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Club moss (Lycopodium clavatum)

Synonyms/Common Names/Related Substances:

  • Alpha-onocerin, ground pine, lyclavatol, lycopodine, Lycopodium alpinum L., Lycopodium annotinum L., Lycopodium chamaecyparissus A. (Br.) Doll., Lycopodium clavatum, Lycopodium complanatum ssp., Lycopodium hamiltonii, Lycopodium selago L., Lycopodiaceae (family), nankakurine A., running club moss, stag's-horn clubmoss.
  • Combination product examples: Hepeel® (homeopathic extracts of chelidonium from Chelidonium majus L., Carduus marianus from Silybum marianum L., veratrum from Veratrum album L., colocynthis from Citrullus colocynthis L., lycopodium from Lycopodium clavatum L., nux moschata from Myristica fragans Houtt, and China from Cinchona pubescens Vahl.).
  • Note: This monograph does not cover Chinese club moss (Huperzia serrata, Lycopodium serrata), a separate species that contains the sesquiterpene alkaloid huperzine A.

Clinical Bottom Line/Effectiveness

Brief Background:

  • Club moss is a spore-bearing vascular plant that grows along the ground. According to the U.S. Department of Agriculture's (USDA) PLANTS database, numerous species of club moss belong to two separate genera of the Lycopodiaceae family: Lycopodium and Huperzia. There is some overlap between the scientific names for species in both genera. The information in this monograph refers to the species Lycopodium clavatum.
  • According to secondary sources, Lycopodium clavatum has been used in folk medicine to treat bladder and kidney disorders and as a diuretic. Preliminary research indicates that Lycopodium clavatum may have acetylcholinesterase inhibitory activity (1) and anti-inflammatory activity (2). There is insufficient available evidence in humans to support the use of Lycopodium clavatum for any indication.
  • Huperzine-containing club moss species (e.g., Huperzia serrata, Lycopodium serrata) have been mistaken for Lycopodium clavatum and ingested, resulting in cholinergic poisoning in one case report (3).

Dosing/Toxicology

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Precautions/Contraindications

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Interactions

Most herbs and supplements have not been thoroughly tested for interactions with other herbs, supplements, drugs, or foods. The interactions listed below are based on reports in scientific publications, laboratory experiments, or traditional use. You should always read product labels. If you have a medical condition, or are taking other drugs, herbs, or supplements, you should speak with a qualified healthcare provider before starting a new therapy.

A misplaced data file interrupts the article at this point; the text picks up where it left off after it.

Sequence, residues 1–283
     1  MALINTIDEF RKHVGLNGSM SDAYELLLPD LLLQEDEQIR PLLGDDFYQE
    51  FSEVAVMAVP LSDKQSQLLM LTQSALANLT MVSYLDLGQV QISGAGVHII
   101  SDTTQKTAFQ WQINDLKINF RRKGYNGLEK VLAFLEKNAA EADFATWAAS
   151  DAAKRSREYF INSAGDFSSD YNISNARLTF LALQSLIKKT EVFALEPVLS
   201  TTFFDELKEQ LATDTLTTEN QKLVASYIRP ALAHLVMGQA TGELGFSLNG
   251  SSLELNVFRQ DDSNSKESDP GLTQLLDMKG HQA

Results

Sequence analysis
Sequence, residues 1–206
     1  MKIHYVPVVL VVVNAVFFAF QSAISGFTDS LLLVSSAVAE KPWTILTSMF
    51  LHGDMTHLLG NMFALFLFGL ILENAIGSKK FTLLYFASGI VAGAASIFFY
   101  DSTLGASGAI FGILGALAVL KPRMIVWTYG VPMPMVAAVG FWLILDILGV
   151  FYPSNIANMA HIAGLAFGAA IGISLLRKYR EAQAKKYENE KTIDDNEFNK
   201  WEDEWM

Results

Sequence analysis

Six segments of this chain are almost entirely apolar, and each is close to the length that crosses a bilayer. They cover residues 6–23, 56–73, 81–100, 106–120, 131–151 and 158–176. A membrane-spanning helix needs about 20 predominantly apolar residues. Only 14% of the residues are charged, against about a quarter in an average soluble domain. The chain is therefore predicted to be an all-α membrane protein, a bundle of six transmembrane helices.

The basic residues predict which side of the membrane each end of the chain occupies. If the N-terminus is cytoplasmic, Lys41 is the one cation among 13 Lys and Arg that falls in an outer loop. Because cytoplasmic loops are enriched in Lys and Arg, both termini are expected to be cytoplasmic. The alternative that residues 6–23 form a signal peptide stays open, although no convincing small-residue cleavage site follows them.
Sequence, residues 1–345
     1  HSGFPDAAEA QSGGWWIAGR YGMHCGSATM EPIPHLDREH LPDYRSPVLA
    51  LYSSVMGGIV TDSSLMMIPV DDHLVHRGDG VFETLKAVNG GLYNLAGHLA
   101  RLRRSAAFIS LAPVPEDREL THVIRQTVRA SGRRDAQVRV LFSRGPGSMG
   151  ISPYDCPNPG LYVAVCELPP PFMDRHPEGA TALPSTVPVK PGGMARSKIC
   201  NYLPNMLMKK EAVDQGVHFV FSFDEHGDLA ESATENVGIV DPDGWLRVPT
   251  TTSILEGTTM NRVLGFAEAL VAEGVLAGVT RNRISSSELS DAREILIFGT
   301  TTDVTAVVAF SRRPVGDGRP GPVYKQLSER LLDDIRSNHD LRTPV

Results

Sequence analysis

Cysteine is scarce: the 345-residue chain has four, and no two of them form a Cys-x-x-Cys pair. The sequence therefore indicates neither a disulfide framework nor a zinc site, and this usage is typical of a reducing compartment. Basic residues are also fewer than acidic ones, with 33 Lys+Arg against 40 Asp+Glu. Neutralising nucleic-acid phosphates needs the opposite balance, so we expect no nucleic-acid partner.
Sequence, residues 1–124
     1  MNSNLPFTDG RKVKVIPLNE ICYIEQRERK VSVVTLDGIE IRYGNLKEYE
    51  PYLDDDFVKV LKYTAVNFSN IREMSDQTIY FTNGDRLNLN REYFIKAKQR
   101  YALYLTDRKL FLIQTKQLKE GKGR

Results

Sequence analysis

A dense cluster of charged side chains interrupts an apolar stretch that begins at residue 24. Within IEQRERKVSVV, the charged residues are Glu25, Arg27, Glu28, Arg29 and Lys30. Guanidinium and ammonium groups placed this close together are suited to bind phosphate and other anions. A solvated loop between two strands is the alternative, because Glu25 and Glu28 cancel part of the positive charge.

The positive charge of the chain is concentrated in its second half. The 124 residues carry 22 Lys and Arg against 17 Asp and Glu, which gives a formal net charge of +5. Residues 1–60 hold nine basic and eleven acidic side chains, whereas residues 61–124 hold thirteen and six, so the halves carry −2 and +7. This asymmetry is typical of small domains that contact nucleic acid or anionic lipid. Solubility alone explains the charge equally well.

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Mechanism of Action

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History

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Evidence Table

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Evidence Discussion

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Products Studied

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Author Information

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References

Natural Standard developed the above evidence-based information based on a thorough systematic review of the available scientific articles. For comprehensive information about alternative and complementary therapies on the professional level, go to www.naturalstandard.com. Selected references are listed below.

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The information in this monograph is intended for informational purposes only, and is meant to help users better understand health concerns. Information is based on review of scientific research data, historical practice patterns, and clinical experience. This information should not be interpreted as specific medical advice. Users should consult with a qualified healthcare provider for specific questions regarding therapies, diagnosis and/or health conditions, prior to making therapeutic decisions.